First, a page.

Treatment

Aspirin and some non-steroidal anti-inflammatory drugs (like sulindac and indomethacin) have been shown to shrink or reduce the number of polyps in those with FAP. A clinical trial studied the benefits of a targeted therapy medication called erlotinib with sulindac. Clinical trials continue to try find ways to prevent polyp growth.

People with FAP need to have their colons removed to prevent getting colon cancer. This surgery is often done when you are in your late teens and don’t have any symptoms of FAP. There are many surgical options. The goal is to remove all colorectal tissue at risk for polyps and to continue being able to pass stool through the anus.

Research about FAP has led to the availability of genetic testing for those at-risk, improved screening and surgical options, and clinical trials for the prevention of polyps. Continued research into FAP will lead to better treatments and outcomes. If you have any questions about FAP, you can always ask your providers or genetic specialists.

Resources for More Information

Learn more about surgical options for FAP, at the Zane Cohen Centre for Digestive Diseases/Mt Sinai Hospital, Toronto Canada.

Find a genetic counselor in your area.

References

SEER Statistics: Colon and Rectum Cancer. https://seer.cancer.gov/statfacts/html/colorect.html

A Guide for Families: Familial Adenomatous Polyposis. http://www.zanecohencentre.com/gi-cancers/diseases/fap

ASCO, Familial Adenomatous Polyposis. 2022.

Arber, N., Eagle, C. J., Spicak, J., Rácz, I., Dite, P., Hajer, J., ... & Rosenstein, R. B. (2006). Celecoxib for the prevention of colorectal adenomatous polyps. New England Journal of Medicine, 355(9), 885-895.

Asano, T. K., & McLeod, R. S. (2004). Nonsteroidal anti-inflammatory drugs and aspirin for the prevention of colorectal adenomas and cancer: a systematic review. Diseases of the Colon & Rectum, 47(5), 665-673.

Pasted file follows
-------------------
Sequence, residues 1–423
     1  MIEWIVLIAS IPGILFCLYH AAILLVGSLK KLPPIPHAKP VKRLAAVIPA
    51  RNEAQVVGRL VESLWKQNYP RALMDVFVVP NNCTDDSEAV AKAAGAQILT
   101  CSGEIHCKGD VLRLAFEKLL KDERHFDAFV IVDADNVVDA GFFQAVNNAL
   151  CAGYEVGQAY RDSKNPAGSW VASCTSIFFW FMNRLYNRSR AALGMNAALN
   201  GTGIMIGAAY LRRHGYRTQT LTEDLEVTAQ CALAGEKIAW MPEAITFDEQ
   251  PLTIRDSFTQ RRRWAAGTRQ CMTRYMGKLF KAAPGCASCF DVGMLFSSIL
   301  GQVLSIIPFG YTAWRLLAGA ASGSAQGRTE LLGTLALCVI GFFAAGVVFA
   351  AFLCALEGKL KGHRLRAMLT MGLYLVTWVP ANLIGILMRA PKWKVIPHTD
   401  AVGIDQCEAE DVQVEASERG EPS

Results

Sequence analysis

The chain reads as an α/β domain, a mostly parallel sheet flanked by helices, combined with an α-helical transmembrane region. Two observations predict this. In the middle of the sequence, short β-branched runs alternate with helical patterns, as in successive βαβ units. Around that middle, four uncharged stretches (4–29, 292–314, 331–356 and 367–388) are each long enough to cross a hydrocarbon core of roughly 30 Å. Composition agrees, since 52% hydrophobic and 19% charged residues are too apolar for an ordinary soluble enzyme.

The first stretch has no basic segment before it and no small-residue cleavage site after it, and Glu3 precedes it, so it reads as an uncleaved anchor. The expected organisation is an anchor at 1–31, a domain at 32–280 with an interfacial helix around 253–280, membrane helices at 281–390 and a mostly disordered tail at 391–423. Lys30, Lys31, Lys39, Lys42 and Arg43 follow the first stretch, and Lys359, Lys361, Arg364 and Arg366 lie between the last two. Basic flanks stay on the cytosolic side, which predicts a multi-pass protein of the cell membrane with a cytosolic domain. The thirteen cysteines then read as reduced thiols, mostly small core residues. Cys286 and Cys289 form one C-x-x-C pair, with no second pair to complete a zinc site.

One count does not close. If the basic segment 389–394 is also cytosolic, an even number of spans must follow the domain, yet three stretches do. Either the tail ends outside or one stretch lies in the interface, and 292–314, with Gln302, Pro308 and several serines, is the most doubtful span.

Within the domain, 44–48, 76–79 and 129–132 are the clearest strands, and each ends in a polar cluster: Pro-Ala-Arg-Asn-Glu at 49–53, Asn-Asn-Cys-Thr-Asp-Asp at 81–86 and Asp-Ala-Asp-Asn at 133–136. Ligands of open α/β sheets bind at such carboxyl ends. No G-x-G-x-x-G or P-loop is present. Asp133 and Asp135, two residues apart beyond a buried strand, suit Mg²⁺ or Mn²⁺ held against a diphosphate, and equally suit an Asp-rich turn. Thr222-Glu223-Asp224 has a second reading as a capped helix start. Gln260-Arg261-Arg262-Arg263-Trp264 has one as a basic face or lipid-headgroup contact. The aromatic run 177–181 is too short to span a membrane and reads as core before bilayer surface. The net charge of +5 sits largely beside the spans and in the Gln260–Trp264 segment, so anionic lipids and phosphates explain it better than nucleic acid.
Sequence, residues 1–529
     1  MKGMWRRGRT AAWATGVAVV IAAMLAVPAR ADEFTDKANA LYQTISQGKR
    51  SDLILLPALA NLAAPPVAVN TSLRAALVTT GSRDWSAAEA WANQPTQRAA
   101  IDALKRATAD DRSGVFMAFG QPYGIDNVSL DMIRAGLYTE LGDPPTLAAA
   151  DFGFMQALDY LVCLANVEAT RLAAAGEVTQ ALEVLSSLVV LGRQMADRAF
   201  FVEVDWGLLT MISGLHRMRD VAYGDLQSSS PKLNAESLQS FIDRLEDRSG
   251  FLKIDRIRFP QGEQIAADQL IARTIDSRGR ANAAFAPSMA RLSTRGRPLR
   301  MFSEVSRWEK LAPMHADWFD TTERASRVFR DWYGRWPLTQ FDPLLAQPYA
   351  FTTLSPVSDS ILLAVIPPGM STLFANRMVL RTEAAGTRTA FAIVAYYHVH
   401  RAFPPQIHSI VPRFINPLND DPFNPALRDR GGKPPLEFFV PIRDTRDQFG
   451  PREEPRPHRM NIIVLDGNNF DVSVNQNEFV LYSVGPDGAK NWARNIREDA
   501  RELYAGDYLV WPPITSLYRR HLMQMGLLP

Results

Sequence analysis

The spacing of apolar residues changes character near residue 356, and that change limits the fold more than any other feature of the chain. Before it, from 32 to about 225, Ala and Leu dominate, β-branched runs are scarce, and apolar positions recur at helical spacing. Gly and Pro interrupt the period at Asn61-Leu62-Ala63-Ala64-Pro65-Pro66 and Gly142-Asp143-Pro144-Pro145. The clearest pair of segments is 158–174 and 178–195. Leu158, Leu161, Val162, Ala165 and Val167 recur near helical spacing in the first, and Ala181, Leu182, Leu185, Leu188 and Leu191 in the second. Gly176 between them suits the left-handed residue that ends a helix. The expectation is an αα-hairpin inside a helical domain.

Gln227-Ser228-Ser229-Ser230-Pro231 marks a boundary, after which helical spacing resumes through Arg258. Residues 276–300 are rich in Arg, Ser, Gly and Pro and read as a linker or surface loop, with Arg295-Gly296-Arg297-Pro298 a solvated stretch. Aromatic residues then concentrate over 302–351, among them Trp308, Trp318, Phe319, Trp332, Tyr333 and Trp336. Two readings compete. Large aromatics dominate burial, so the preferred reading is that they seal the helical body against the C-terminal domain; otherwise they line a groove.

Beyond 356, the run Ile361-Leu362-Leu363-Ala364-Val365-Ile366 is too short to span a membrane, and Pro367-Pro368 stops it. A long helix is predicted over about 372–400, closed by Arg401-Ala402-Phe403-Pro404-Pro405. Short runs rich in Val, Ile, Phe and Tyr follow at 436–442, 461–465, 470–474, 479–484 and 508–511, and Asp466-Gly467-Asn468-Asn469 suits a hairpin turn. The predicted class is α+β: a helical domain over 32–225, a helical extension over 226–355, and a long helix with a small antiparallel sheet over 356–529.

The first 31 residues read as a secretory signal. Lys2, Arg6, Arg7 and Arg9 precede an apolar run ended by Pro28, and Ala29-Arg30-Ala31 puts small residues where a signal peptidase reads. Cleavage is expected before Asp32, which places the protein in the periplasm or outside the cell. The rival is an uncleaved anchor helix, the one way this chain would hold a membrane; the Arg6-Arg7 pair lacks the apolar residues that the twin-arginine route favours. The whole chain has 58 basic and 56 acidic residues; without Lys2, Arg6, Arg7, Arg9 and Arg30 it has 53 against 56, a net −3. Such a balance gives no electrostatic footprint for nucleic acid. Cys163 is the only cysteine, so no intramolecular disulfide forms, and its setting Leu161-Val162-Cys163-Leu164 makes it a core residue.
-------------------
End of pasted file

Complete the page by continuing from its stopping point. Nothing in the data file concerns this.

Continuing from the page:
Cruz–Correa, M., Hylind, L. M., Romans, K. E., Booker, S. V., & Giardiello, F. M. (2002). Long-term treatment with sulindac in familial adenomatous polyposis: a prospective cohort study. Gastroenterology, 122(3), 641-645.

Eeson, G., Cleary, S., Carol-anne, E. M., & Ridgway, P. F. (2016). Ampullary Cancer. In Surgical Oncology Manual (pp. 13-19). Springer International Publishing.

National Cancer Institute at the National Institutes of Health. Colorectal Cancer- Patient Version. (n.d.). Retrieved from https://www.cancer.gov/types/colorectal

National Institutes of Health: National Library of Medicine. Familial adenomatous polyposis. (2019). Retrieved from https://ghr.nlm.nih.gov/condition/familial-adenomatous-polyposis#diagnosis

Paraf, F., Olschwang, S., Nihoul-Fékété, C., Kazandjian, V., Brousse, N., & Schmitz, J. (1996). Familial adenomatous polyposis and thyroid cancer. Gastroenterologie Clinique et Biologique, 21(1), 74-77.

Samadder, N. J., Neklason, D. W., Boucher, K. M., Byrne, K. R., Kanth, P., Samowitz, W., ... & Jasperson, K. (2016). Effect of sulindac and erlotinib vs placebo on duodenal neoplasia in familial adenomatous polyposis: a randomized clinical trial. Journal of the American Medical Association, 315(12), 1266-1275.

Vasen, H. F., Moeslein, G., Alonso, A., Aretz, S., Bernstein, I., Bertario, L., ... & Colas, C. (2008). Guidelines for the clinical management of familial adenomatous polyposis (FAP). Gut, 57(5), 704-713.

Wehbi, M., et.al. (2016) Familial Adenomatous Polyposis. http://emedicine.medscape.com/article/175377-overview#a6